Re: etymology of "totient" ?
Posted:
Mar 20, 1997 5:13 PM


In article <3330F524.240C@ccvax.sinica.edu.tw>, KoWei Lih <makwlih@ccvax.sinica.edu.tw> writes: > Does any one know the etymology of the word "totient" which is used in > "Euler's totient function"? Any historical background of why Euler used > this word is also welcome.
Euler certainly didn't use the word. According to Graham, Knuth and Patashnik, "Concrete Mathematics", the word was invented by J.J. Sylvester, "a British mathematician who liked to invent new words". The reference they give is to a paper from 1883: "On the number of fractions contained in any 'Farey series' of which the limiting number is given", reprinted in Sylvester's "Collected Mathematical Papers", vol. 4, 101109.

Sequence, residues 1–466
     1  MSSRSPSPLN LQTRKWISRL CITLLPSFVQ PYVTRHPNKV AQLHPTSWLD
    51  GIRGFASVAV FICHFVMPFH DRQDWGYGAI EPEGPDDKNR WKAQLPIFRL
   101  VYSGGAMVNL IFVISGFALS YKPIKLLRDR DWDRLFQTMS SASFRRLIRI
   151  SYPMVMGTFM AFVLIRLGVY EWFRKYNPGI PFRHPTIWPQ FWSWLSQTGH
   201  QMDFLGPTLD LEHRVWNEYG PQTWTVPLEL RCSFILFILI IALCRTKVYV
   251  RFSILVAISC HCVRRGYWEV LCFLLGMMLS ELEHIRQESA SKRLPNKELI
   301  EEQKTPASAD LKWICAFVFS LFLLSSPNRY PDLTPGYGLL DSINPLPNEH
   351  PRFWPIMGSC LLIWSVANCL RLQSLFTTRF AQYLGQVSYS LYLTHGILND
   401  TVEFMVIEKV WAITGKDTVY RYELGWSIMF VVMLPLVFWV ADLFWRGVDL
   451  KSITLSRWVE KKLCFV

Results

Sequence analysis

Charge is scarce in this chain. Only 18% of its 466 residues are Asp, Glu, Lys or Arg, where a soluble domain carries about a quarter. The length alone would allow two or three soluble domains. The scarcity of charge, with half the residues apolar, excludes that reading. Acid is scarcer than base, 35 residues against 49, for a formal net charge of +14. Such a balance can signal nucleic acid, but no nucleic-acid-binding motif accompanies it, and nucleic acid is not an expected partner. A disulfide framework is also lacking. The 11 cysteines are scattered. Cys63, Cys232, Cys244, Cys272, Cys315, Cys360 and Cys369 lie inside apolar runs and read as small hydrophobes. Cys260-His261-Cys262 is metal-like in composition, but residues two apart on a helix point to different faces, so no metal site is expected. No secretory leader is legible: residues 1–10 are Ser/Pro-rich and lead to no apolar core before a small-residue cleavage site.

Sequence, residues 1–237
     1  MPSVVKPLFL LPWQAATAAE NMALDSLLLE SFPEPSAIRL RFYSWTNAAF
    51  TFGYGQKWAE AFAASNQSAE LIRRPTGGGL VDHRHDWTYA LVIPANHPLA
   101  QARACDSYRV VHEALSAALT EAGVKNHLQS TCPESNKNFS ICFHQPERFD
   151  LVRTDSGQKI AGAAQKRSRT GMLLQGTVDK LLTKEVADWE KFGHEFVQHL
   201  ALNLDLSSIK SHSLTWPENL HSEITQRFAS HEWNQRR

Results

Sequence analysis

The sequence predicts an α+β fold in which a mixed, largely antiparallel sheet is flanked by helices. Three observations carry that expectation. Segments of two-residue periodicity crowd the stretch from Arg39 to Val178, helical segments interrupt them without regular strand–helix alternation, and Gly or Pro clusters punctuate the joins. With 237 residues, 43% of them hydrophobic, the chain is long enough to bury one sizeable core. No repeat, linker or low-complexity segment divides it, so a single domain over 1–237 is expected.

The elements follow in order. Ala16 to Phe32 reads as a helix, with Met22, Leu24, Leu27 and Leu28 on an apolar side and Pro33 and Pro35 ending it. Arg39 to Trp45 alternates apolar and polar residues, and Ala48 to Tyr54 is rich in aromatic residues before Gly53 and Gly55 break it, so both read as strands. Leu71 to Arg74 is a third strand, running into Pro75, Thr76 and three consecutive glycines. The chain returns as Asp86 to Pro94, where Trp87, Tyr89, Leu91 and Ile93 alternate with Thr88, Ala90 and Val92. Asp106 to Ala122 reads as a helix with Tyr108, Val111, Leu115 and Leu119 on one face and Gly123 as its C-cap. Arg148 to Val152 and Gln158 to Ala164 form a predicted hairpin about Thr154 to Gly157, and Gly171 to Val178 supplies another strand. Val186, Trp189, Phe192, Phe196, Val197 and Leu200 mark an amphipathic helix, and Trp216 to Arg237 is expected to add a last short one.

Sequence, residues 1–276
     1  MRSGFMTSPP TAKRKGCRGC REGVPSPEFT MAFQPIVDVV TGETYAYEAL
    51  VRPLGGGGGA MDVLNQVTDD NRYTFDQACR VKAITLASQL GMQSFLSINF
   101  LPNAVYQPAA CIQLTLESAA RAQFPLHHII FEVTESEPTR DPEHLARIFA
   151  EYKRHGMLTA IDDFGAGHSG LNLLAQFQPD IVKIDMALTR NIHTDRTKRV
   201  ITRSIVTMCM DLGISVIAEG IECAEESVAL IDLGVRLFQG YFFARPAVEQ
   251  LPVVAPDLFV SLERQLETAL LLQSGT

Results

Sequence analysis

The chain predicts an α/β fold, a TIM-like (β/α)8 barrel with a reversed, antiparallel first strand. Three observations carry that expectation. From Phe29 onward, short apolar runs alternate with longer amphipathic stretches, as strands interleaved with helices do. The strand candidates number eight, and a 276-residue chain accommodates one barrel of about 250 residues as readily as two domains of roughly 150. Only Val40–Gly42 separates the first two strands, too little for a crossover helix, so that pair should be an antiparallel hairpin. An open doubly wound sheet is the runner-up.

Robert Israel israel@math.ubc.ca Department of Mathematics (604) 8223629 University of British Columbia fax 8226074 Vancouver, BC, Canada V6T 1Y4